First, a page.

“You’re right Pattie, I know it. I should have married my daughter off at least a year ago, but she can be very strong-willed. She told me that this border ceremony was just a hand-fasting and not a full blown wedding, but I intend to do something about her as soon as I can arrange it. Sir George Hastings has a country estate over near Alnwick, and he lost his wife recently in child bearing. I am of a mind to marry Elizabeth to him,” replied Sir James.

  “How did the Mackenzie runt get involved with Elizabeth anyway?”

  “It was actually partially my own fault. I hired the lad as a hostler and horse trainer last year. He and that horse of his, which is nothing more than a cur, can outrun the fastest of my thoroughbreds, and I thought he could help me improve the performance of my stock. The lad appears to have a way with horses, you know,” replied Sir James.

  “But recently, for some reason, Mackenzie was gone more than he was here,” Sir James continued. “My head groomsman caught him and Elizabeth in a compromising situation behind the stables and the lad lit out like his shirt was on fire. I thought that was the end of it, but I was wrong.”

  “You know what they say, ‘An outlaw by the grace of blood’, and I intend to see if he bleeds,” said Patrick. “A commoner, like the Mackenzie runt, has no place in English society, and I intend to make an example of him, so that everyone who knows him will learn what happens to commoners who try to marry into the nobility.”

  Patrick firmly believed in the divine right of kings and nobles whose duty it was to rule the lesser peoples of the earth. He thought that you were either born to rule or else you were common folk. It was unthinkable for a common person to try to improve his station in life. Patrick had been born in Edinburgh. He was Lord Pitfour’s second son and was raised among a number of major figures in the Scottish Enlightenment, including the philosopher and historian David Hume and the dramatist John Home. He had a large number of cousins through his English mother's family including Sir William Pulteney, 5th Baronet Commodore George Johnstone, and, of course, retired General Sir James Murray.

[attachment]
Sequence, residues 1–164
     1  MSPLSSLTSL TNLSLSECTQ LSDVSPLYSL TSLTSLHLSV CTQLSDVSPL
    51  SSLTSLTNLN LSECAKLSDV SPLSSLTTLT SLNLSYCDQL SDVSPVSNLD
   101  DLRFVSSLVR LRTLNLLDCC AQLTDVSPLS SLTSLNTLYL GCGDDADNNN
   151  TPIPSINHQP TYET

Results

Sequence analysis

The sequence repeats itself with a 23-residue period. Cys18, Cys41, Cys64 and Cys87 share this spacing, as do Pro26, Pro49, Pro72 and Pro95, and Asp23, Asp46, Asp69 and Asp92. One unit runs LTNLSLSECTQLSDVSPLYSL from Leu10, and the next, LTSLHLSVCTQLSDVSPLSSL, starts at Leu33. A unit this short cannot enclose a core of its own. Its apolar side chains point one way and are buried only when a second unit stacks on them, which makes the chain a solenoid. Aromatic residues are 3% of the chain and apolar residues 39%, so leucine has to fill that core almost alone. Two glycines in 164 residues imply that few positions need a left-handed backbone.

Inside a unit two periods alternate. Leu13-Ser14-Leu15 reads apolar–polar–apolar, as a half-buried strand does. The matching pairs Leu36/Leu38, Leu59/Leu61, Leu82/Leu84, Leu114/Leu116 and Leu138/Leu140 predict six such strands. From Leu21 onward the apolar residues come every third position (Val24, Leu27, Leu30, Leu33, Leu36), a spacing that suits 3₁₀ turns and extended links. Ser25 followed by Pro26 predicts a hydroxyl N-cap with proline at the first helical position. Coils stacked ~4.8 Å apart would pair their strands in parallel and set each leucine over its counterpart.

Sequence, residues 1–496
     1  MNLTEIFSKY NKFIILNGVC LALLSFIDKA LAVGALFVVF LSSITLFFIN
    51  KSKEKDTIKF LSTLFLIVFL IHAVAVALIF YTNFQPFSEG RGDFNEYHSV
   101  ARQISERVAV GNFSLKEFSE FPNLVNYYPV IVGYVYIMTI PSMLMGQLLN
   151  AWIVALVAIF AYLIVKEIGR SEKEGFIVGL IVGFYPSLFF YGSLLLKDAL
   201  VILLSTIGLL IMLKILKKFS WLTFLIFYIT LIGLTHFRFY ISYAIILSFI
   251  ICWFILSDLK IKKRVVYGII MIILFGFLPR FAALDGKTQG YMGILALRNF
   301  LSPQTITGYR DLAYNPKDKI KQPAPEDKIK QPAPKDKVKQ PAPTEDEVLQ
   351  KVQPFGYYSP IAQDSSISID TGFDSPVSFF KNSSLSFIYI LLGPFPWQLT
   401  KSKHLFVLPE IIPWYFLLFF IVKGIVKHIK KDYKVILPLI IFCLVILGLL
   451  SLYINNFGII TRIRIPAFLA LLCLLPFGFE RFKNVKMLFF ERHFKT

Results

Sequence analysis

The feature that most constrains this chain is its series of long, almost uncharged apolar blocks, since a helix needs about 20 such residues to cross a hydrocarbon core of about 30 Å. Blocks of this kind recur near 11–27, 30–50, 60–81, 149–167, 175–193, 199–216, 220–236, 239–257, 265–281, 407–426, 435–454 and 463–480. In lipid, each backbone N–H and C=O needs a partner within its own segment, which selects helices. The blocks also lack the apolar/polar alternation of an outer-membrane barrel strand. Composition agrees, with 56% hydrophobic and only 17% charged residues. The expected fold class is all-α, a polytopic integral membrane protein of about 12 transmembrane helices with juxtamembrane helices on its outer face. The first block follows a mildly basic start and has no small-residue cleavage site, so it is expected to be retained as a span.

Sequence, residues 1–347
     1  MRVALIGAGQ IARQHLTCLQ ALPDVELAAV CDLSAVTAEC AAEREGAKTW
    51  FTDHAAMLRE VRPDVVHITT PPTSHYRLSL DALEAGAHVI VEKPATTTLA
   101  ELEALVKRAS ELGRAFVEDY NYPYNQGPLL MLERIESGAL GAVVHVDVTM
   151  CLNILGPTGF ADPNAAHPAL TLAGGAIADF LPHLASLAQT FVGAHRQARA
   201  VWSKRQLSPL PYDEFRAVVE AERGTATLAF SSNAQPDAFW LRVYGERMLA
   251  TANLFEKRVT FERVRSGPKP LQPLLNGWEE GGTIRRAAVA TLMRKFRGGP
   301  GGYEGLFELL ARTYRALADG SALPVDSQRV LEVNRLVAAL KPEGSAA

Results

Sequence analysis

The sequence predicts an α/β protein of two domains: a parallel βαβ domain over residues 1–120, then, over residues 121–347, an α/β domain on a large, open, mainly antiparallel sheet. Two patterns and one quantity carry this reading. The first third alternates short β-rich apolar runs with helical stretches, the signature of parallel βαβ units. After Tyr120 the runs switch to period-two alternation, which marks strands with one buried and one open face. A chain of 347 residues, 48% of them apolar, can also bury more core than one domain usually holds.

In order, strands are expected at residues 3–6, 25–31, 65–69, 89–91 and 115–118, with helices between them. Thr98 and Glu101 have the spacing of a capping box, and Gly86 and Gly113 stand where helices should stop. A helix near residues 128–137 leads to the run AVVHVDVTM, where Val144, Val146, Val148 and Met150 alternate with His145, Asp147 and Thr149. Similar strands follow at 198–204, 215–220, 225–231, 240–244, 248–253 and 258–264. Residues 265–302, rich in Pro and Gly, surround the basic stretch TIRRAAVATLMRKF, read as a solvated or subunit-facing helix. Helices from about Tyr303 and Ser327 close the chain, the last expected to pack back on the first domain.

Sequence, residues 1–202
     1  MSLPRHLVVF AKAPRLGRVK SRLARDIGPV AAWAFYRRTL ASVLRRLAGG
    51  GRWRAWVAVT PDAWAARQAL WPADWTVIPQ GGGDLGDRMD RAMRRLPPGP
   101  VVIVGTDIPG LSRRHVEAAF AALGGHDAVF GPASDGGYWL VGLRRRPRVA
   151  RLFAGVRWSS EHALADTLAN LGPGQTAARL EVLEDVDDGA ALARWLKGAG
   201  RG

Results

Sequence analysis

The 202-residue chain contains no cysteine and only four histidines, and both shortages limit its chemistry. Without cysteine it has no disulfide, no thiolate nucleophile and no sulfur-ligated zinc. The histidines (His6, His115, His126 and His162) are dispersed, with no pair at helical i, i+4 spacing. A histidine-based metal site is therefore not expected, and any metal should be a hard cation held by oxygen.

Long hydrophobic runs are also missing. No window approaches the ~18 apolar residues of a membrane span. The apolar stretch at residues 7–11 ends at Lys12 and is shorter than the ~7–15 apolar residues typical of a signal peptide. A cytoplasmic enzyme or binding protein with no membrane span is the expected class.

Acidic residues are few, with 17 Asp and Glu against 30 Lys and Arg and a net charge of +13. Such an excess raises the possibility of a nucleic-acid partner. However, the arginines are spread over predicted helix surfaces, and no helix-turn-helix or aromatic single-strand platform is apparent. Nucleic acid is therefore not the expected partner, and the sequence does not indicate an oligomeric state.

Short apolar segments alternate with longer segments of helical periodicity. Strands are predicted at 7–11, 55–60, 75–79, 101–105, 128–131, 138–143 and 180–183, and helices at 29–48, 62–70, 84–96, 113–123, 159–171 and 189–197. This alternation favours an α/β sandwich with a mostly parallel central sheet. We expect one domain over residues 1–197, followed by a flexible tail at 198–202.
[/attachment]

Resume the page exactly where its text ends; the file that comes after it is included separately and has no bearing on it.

Since Patrick was his second son, Lord Pitfour and his wife encouraged Patrick toward a career in the military at an early age. He was educated at the London Military Academy and served briefly in Germany with the R
oyal North British Dragoons (Scots Greys) as a captain during the Seven Years’ War. He left the Greys, under what some considered mysterious circumstances, to return to England.

  Even though his fate had allotted him the role of the second son, Patrick felt that he was meant to be a solider and was satisfied with his lot in life. He had a military mind, but he was not well adapted to leading men. He had no empathy at all for the men that served under him, and he gave them very little thought and consideration. His military interest lay in firearms, swords, artillery, fortifications and other such military subjects.

  As he gazed into the fire in the fireplace, Patrick kept thinking about that phrase written by his Scots Greys commanding officer on his performance report that was filed with the Greys’ adjutant.

  “…possesses a fine military bearing and mien, although he is not well-favored by the men under his command.”

  Patrick didn’t care if the men under his command favored him or not. He was a Lord’s son, and he expected the men under his command to follow his orders, and follow them to the letter, without question. He had expressed that sentiment to his Greys’ commanding officer, who was also a Lord’s son, just prior to his discharge. The fact that he had brought up several of his men in front of a court martial for failure to follow orders never entered into his thinking about why he might have been discharged from the Greys. He was actually still quite puzzled about his discharge. He suspected that it was most likely a personality conflict with his commanding officer.

  “Thank you, Pattie. As a reward for your service to me and for a small favor I shall ask of you, I intend to purchase you a commission to command a company in Lieutenant Colonel Alexander Johnstone’s Highland Light Infantry, the Seventieth Foot,” said Sir James.

  “Uncle Jamie, I can’t thank you enough. You really are much too generous,” said Patrick, even though it was exactly what he had been angling for. In fact, he had done everything in his power to deliver that suggestion indirectly to his uncle.